Negotiations Are Negotiations By Any Other Name – OpEd


By Joharah Baker

We have tried to keep quiet, give them the benefit of the doubt and see the situation from every possible side. We have tried to look for the silver lining to this huge ominous cloud, but alas, plain and simple, there just isn’t one to find.

The recent rounds of talks in Amman under Jordanian and Quartet auspices have – as expected – yielding nothing. The Israelis have even admitted to agreeing to the meetings so they could “lock” Palestinians in talk, offer them “candy” and stave off any Quartet pressure on them (unlikely) come the January 25 deadline.

But Israel’s stances are hardly surprising to any of us, including the leadership. The international community calls for a halt to settlements, the UN Secretary General himself calls on Israel to end the occupation and Israel takes that as its cue to step up construction and entrench the occupation of the Palestinians even more.

But this is not about Israel, this is about us. When, a few months back, the Palestinian leadership took a proactive position by pulling out of negotiations and pursuing statehood membership in the UN, we all rallied around them. We said no to negotiations because there can never be progress or peace if illegal settlements continue to spread on Palestinian land and occupy the space meant to be a future Palestinian state.

So, it was shocking and yes, disappointing when a delegation of “negotiators” agreed to sit with an Israeli delegation in Amman. The justification was that the request came from Jordan and President Abbas could not easily turn our “brothers” down. Anyway, our leadership said, these were not negotiations, they were “exploratory talks” in a bid to find some way to return to the negotiating table.

Nonetheless, no one should belittle the collective intelligence of the people. Discussing borders and security, trading “visions” across a table between two of each side’s top negotiators can mean but one thing: negotiations. They can call it whatever they want, but that doesn’t change the fact of the matter. By going to Amman and remaining there for the three rounds of talks means our leadership is falling back into that slippery, sliding, dangerous slope of fruitless negotiations.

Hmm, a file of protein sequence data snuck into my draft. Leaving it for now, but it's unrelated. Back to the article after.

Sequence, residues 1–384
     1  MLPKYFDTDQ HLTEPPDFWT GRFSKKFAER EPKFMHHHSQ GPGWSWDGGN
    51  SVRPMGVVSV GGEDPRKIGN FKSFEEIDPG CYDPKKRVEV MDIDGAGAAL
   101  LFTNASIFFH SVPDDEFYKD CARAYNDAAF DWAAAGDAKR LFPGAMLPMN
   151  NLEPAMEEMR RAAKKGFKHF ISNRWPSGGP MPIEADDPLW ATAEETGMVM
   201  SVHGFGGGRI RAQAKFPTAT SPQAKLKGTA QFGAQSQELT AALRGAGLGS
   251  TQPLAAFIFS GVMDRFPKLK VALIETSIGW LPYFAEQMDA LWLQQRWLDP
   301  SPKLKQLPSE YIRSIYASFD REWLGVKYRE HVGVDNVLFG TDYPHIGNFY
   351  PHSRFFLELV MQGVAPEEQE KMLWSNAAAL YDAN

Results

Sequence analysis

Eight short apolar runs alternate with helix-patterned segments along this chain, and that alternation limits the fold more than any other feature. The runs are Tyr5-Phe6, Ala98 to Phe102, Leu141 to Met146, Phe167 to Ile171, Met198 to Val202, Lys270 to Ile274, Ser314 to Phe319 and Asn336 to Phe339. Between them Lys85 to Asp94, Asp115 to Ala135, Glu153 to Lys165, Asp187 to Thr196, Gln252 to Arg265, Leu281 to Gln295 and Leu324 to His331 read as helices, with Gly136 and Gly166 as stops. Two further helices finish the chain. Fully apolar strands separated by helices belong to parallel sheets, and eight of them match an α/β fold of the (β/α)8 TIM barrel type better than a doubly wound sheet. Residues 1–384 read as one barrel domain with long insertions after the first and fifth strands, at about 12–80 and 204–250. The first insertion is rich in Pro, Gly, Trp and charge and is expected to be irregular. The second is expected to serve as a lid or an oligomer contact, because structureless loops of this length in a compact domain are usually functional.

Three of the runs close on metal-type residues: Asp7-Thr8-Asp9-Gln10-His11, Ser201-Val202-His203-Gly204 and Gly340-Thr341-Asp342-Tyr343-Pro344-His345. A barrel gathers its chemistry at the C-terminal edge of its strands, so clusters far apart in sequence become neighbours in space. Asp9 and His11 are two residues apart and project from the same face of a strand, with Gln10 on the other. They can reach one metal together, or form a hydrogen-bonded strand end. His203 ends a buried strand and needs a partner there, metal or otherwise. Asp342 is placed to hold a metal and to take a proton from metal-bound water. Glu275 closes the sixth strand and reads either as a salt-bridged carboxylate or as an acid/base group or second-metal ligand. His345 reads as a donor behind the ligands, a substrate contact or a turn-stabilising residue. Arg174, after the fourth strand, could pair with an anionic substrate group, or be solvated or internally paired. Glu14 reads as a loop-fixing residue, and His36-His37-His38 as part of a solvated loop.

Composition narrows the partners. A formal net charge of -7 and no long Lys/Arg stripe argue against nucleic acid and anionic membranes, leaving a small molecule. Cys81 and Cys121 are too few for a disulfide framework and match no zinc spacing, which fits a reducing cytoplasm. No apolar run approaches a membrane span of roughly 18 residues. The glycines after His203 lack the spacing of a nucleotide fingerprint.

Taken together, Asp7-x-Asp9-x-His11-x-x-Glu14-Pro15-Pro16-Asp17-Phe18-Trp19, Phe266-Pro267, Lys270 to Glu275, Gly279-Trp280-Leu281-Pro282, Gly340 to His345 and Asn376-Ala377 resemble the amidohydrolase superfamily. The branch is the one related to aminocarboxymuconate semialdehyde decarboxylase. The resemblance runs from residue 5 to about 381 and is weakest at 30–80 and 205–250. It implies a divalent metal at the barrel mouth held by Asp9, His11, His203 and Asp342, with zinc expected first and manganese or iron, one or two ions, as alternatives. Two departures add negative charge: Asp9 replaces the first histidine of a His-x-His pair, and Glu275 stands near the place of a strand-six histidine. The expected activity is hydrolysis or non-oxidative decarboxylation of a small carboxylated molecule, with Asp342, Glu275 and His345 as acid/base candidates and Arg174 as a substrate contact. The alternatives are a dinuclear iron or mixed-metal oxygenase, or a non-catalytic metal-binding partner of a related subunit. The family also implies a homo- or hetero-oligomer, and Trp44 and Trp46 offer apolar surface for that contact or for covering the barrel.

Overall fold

Anyway, even during the short period when the three rounds of talks took place in Amman, Israel announced thousands of settlement units to be built in east Jerusalem and the West Bank. It passed a law in the Knesset deeming it impossible for Israeli citizens married to Palestinians to gain family reunification, a law that will affect scores of families in Jerusalem and inside Israel. It doesn’t have to declare its intentions towards a peace deal with the Palestinians. Its actions speak way louder than words.

The Palestinians need to regain that strength they showed last September. We are not naïve as to the tremendous pressures being put on the leadership to return to the negotiating table by the United States, the Quartet, Jordan and so many others. We know the Palestinians often pay the price for taking a stance. But really, what choice do we have?

The only real choice is to maintain a clear and strong stance that we will not waver from no matter the consequences. Being in talks with Israel, especially under Mr. Netanyahu, is like a cat chasing its own tail. It is exhausting but it gets us nowhere and frankly, comes across as quite ridiculous.

So, let’s hold off on the talks, or negotiations, or whatever they are called, for the time being. Let us continue to fight a good fight, one which will allow us to sleep at night knowing we did all we could and should do for Palestine.

Joharah Baker is a Writer for the Media and Information Department at the Palestinian Initiative for the Promotion of Global Dialogue and Democracy (MIFTAH). She can be contacted at [email protected].


Established in Jerusalem in December 1998, with Hanan Ashrawi as its Secretary-General, MIFTAH seeks to promote the principles of democracy and good governance within various components of Palestinian society; it further seeks to engage local and international public opinion and official circles on the Palestinian cause. To that end, MIFTAH adopts the mechanisms of an active and in-depth dialogue, the free flow of information and ideas, as well as local and international networking.

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